Monday, March 9, 2009

And When Life Offers You Turnips. . . .

What you'll probably never see on a Gourmet cover -- "Our top ten turnip recipes!"  Face it, turnips are no one's favorite vegetable (are they yours?  Talk to me.).  And yet they're as much a part of the vegetable kingdom as the more popular potato, they're almost indestructable, they last for ages, the staple of root cellars.  They're easy to grow and cheap to buy.  They get us through tough times.

Their shape is not unlike the noble onion, and at their tops, they have a stripe of purple, like a sash worn by dignitaries.  Turnip greens are great -- sky-high in vitamin K (one cup offers over 660 percent of your RDA) and barely there in calories (28).  The turnip itself, cruciferous like its better-loved kin broccoli, is rich in vitamin C, calcium (!), folic acid and magnesium.  It's a veritable pharmacy in root form.  

And yet, the turnip is often the vegetable of last resort.   Even M.F.K Fisher, queen of penurious eats, doesn't provide a turnip recipe.  We'd rather feed it to livestock than eat it ourselves.  The taste and texture is the root of the problem.  Turnips are often served mashed, so unsuspecting folk spoon it up thinking it's mashed potatoes only to find out otherwise.  Turnips are more fibrous and somewhat other than potato in texture.  They have more in common with the radish.  And yet their density makes it hard to use turnips as you do radishes or daikon.  It is perplexing, especially so since I have acquired nine turnips through my farm share program and I have a horror of waste.  What to do?

I am opposed to the concept of sneaking vegetables into recipes.  Sneaking sounds so furtive and underhanded. I am much more in favor of recipe enhancement, you know, like enhanced breasts.   To enhance means you're not denying anything, it implies an active desire to improve, to make better.  And to enhance a dish with vegetables means you're adding nutrition and flavor, yet very little money and effort. This is everything I stand for.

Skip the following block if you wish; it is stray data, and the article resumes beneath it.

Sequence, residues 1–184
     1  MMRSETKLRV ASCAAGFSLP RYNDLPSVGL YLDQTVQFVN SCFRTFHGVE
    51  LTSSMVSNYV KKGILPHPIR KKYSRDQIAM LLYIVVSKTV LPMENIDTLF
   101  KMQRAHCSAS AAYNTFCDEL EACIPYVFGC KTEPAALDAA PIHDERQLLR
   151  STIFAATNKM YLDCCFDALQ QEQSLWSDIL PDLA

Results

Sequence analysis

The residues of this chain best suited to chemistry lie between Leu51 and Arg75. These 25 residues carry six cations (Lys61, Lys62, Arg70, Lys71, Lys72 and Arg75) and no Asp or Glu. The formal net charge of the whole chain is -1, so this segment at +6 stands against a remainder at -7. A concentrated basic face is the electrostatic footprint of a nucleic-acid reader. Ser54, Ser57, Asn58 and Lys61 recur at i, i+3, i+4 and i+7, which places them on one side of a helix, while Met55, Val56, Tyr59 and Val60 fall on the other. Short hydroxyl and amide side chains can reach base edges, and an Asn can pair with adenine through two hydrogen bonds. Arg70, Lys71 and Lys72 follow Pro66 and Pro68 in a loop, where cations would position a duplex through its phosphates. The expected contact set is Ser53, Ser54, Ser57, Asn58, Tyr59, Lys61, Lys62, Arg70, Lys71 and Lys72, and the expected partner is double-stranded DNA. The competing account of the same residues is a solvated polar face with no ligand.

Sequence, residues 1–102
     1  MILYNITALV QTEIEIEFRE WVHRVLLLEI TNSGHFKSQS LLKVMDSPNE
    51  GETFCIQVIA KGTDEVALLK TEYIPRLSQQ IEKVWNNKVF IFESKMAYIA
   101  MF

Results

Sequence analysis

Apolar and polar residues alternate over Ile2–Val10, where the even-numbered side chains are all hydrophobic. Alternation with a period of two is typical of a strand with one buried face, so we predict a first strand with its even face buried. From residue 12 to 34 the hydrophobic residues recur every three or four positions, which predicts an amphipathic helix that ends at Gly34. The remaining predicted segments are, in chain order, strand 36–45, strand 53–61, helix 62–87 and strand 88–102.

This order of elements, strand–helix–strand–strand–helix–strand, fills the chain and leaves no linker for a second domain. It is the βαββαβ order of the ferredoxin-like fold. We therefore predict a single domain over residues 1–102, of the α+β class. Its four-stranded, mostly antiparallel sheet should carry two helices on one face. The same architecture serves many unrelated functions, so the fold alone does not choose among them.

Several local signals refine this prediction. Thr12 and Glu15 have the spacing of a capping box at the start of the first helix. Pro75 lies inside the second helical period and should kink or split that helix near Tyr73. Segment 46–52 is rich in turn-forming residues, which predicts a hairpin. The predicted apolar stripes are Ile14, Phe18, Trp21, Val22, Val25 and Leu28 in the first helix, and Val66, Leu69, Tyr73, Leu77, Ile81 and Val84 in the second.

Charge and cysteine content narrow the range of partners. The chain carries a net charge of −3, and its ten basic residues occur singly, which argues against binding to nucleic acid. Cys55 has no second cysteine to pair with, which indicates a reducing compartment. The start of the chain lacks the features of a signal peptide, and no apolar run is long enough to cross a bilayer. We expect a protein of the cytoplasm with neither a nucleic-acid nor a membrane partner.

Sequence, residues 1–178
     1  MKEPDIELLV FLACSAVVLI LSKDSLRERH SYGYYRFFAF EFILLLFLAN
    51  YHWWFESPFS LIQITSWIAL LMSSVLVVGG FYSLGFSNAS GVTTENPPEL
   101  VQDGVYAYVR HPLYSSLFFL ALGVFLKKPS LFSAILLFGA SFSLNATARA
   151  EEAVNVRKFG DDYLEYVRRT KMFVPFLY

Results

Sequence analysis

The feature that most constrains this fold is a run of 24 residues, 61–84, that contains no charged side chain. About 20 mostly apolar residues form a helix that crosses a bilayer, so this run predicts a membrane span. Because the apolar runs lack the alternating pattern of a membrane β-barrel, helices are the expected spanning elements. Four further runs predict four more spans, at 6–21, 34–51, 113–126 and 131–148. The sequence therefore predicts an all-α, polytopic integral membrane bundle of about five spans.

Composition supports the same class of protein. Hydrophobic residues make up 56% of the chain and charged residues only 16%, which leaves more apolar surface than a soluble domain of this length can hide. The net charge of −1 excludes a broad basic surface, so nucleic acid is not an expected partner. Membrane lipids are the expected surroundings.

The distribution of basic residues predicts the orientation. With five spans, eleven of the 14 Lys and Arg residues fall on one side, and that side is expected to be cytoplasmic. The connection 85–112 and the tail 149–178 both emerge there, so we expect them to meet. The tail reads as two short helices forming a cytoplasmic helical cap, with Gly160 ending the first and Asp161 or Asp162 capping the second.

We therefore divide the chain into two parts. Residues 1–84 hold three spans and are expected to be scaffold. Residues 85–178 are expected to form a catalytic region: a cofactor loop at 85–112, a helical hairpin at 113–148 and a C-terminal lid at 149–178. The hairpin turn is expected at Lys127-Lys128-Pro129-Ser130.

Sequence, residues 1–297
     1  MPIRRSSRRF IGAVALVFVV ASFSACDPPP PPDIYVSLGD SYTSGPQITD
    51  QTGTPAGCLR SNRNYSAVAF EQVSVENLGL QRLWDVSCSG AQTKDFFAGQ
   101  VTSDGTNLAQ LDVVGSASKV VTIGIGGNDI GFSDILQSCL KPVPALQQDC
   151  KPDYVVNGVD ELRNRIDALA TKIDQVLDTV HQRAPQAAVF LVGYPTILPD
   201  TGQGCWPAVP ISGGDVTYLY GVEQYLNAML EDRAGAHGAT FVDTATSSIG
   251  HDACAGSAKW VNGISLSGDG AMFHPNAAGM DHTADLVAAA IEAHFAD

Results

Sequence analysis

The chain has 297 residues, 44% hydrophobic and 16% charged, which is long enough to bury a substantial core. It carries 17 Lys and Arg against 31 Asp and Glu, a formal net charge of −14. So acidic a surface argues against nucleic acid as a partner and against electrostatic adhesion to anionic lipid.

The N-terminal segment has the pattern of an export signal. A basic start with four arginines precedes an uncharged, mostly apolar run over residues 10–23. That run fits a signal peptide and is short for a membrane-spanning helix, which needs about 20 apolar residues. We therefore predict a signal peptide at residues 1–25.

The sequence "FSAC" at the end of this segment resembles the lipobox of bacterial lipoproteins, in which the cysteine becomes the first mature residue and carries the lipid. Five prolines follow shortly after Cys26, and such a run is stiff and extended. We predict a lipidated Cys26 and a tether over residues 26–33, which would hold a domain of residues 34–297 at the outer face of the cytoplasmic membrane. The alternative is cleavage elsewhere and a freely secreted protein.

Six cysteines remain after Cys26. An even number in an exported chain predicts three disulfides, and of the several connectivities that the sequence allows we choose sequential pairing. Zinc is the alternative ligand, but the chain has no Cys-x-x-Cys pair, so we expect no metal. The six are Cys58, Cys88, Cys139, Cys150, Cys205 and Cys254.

This turnip-enhanced vegetable tagine draws on the Moroccan flavors I love.  It is layered in taste, easy to prepare and contains turnips, which as God as my witness, I will never look down on again. 

Heretical Vegetable Tagine With Turnips (Deal With It)

Traditional Moroccan tagines simmer away all day.  Honey, who's got the time?  This heretical version produces the same result in a fraction of the time (see, sometimes heresy is a good thing).   Steadfast turnip refuseniks, some good news -- substitute a can of rinsed, drained chickpeas for the turnips and you're good to go.

1 tablespoon olive oil
1 onion
3 medium-to-large turnips
1 large carrot
4 stalks celery
2 peppers, red or green
6 collard greens or handful of Swiss chard or spinach leaves, sliced into ribbons
1 15-ounce can organic diced tomatoes
1 handful raisins
1/2 teaspoon each paprika, cumin, cinnamon, aleppo pepper (or cayenne)  and saffron
1 wedge preserved lemon or 1 fresh lemon
1 bunch cilantro
1 bunch Italian parsley
sea salt to taste

Fill a large pot with water, then bring to boil.  Peel turnips and chop into bite-sized pieces.  Add turnip bits to water, cover and reduce heat to low.  Simmer until turnips are tender, about 25 minutes.  Drain and set aside.  

In a large stock pot, heat the oil over medium-high heat.  Chop onion, carrot, celery and peppers.  Add to oil, along with turnips.  Toss well.  Add paprika, cumin, cinnamon, aleppo pepper and saffron.  Stir in greens.

Add diced tomatoes plus any juice from the can.  Stir well.  Bring to boil, then cover and reduce heat to low.   Let it simmer on its own for 45 minutes or so, until vegetables are tender.

Add preserved lemon, chopped fine, or the juice of 1 fresh lemon.  Add sea salt to taste.

Just before serving, stir in finely chopped parsley and cilantro.

Serve over whole grain couscous.

Serves 4-6.